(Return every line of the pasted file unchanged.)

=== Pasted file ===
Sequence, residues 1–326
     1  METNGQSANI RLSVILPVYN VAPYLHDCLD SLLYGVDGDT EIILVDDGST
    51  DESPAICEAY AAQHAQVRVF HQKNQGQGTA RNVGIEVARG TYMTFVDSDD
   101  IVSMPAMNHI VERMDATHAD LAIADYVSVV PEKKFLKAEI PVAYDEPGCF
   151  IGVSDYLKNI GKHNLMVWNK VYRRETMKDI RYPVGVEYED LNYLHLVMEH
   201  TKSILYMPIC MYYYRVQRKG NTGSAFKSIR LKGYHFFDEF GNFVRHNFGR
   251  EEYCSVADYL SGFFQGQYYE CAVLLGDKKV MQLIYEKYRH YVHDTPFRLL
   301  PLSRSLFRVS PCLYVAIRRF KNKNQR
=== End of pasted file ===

Sequence, residues 1–326
     1  METNGQSANI RLSVILPVYN VAPYLHDCLD SLLYGVDGDT EIILVDDGST
    51  DESPAICEAY AAQHAQVRVF HQKNQGQGTA RNVGIEVARG TYMTFVDSDD
   101  IVSMPAMNHI VERMDATHAD LAIADYVSVV PEKKFLKAEI PVAYDEPGCF
   151  IGVSDYLKNI GKHNLMVWNK VYRRETMKDI RYPVGVEYED LNYLHLVMEH
   201  TKSILYMPIC MYYYRVQRKG NTGSAFKSIR LKGYHFFDEF GNFVRHNFGR
   251  EEYCSVADYL SGFFQGQYYE CAVLLGDKKV MQLIYEKYRH YVHDTPFRLL
   301  PLSRSLFRVS PCLYVAIRRF KNKNQR